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Disparities in Mortality from Noncancer Causes among Adolescents and Young Adults with Cancer


Anderson, Chelsea; Lund, Jennifer L.; Weaver, Mark A.; Wood, William A.; Olshan, Andrew F.; & Nichols, Hazel B. (2019). Disparities in Mortality from Noncancer Causes among Adolescents and Young Adults with Cancer. Cancer Epidemiology, Biomarkers & Prevention, 28(9), 1417-1426. PMCID: PMC6726505


BACKGROUND: Few studies have examined noncancer outcomes among patients diagnosed with cancer as adolescents and young adults (AYA). We examined risk of mortality from noncancer causes after an AYA cancer diagnosis and investigated disparities according to race/ethnicity and other characteristics.
METHODS: Patients with a first primary cancer at ages 15 to 39 years diagnosed during 1987 to 2015 were identified in the Surveillance, Epidemiology, and End Results database (N = 242,940 women, 158,347 men). Survival months were accrued from diagnosis until death or December 2015. Multivariable-adjusted HRs were used to examine disparities in mortality from all noncancer causes, cardiovascular diseases (CVD), and infectious diseases (ID) according to race/ethnicity, geographic region, and county-level characteristics.
RESULTS: For all cancer types combined, the 10-year cumulative incidence of noncancer-related death after AYA cancer was 2% and 5% among women and men, respectively. With adjustment for cancer type, all noncancer mortality was increased among non-Hispanic Black AYAs [HR vs. non-Hispanic White: HR(Women) = 2.31; 95% confidence interval (CI): 2.16-2.47; HR(Men) = 2.17; 95% CI: 2.05-2.30] and those in the South (HR vs. Northeast: HR(Women) = 1.18; 95% CI: 1.07-1.29; HR(Men) = 1.42; 95% CI: 1.31-1.55) or in rural counties (HR vs. metro: HR(Women) = 1.74; 95% CI: 1.47-2.07; HR(Men) = 1.57; 95% CI: 1.33-1.86). Mortality from CVD and ID was also elevated among non-Hispanic Black AYAs.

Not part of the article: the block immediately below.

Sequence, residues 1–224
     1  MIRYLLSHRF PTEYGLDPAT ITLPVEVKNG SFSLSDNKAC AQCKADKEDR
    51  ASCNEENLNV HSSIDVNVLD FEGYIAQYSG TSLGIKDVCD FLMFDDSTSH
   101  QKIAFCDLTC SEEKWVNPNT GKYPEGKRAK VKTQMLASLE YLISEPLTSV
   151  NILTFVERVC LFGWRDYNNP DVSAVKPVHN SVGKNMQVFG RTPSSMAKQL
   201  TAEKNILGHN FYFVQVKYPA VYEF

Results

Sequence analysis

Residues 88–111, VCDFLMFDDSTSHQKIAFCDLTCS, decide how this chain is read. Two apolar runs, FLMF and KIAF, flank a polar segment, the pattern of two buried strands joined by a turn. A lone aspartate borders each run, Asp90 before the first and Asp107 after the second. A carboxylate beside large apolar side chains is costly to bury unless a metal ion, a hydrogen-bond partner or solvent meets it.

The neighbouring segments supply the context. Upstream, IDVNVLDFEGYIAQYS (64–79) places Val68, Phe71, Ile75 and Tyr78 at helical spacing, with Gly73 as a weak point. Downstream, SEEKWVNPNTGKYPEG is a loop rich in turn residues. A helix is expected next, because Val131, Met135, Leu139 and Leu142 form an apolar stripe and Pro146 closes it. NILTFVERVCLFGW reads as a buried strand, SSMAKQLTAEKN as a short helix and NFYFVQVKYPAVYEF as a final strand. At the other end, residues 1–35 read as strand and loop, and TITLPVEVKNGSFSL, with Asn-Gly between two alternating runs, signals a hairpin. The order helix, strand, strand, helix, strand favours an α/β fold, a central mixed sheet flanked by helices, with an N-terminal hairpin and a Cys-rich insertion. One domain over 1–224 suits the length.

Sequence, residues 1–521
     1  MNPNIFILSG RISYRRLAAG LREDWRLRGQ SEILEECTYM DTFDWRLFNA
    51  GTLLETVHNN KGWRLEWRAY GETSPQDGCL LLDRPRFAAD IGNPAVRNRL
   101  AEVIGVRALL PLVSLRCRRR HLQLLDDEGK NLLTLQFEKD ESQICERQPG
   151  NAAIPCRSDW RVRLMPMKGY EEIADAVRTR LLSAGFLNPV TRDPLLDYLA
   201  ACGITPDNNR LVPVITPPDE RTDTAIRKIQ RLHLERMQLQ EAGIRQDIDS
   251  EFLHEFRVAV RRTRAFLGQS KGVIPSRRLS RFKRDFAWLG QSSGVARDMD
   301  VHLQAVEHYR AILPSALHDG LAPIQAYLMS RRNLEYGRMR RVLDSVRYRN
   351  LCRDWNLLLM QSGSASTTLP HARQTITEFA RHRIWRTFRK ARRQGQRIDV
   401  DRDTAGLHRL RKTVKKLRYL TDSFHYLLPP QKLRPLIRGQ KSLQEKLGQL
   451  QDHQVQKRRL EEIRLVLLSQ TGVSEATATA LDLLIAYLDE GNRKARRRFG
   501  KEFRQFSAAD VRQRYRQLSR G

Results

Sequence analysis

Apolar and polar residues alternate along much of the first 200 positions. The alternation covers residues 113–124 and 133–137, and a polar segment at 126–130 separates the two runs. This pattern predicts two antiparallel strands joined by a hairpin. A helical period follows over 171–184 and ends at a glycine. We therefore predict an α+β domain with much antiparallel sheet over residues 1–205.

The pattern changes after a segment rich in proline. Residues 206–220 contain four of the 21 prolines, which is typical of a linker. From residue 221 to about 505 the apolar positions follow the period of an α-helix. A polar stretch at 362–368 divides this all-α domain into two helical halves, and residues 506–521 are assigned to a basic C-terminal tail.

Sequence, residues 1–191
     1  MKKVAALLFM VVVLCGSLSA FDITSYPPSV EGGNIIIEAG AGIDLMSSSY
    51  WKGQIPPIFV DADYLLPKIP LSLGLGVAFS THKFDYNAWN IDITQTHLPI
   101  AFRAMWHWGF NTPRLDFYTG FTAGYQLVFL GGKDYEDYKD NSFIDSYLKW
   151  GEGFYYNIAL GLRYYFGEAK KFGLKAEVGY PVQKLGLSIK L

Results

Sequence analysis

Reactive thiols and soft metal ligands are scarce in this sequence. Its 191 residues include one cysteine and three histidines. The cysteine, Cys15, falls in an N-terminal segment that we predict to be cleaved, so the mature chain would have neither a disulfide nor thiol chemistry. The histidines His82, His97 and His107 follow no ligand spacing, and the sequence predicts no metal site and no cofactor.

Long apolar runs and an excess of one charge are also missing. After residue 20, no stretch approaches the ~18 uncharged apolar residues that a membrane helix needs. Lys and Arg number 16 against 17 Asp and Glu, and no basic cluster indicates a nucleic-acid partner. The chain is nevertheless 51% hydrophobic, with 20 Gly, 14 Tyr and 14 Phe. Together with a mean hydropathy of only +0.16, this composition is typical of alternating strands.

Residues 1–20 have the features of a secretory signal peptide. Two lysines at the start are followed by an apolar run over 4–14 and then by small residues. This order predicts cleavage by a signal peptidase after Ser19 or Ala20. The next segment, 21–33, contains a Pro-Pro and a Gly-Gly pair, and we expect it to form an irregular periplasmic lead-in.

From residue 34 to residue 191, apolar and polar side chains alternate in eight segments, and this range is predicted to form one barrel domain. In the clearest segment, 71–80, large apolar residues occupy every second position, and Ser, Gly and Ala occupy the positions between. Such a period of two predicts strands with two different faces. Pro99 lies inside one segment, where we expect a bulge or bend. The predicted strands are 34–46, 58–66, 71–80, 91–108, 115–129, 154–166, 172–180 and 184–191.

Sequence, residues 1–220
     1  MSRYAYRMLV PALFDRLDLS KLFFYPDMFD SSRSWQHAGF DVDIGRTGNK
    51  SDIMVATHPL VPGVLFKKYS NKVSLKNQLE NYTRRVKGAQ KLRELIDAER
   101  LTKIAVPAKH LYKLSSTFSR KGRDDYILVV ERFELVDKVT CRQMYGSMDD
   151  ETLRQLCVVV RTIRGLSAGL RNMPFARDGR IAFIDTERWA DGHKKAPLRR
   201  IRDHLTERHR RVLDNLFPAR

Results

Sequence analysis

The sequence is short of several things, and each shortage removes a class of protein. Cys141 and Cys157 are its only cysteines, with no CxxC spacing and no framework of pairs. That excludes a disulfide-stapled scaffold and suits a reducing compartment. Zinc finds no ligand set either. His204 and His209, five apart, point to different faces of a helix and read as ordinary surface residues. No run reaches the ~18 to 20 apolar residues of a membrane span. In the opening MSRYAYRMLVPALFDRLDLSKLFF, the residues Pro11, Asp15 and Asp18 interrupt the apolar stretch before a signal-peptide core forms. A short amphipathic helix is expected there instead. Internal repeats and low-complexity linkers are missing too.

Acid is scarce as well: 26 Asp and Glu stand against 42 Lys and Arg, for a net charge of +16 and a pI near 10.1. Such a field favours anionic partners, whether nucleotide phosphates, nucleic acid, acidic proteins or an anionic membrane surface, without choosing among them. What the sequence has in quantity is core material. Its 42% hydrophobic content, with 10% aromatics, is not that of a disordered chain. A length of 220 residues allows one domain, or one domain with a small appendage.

CONCLUSIONS: Results of this study suggest that noncancer mortality after AYA cancer is highest among survivors who are non-Hispanic Black or live in the South or in rural counties. IMPACT: Our analyses highlight disparities among AYAs with cancer and identify subgroups that may be targeted for increased medical surveillance or behavioral interventions.


Reference Type

Journal Article

Year Published


Journal Title

Cancer Epidemiology, Biomarkers & Prevention


Anderson, Chelsea
Lund, Jennifer L.
Weaver, Mark A.
Wood, William A.
Olshan, Andrew F.
Nichols, Hazel B.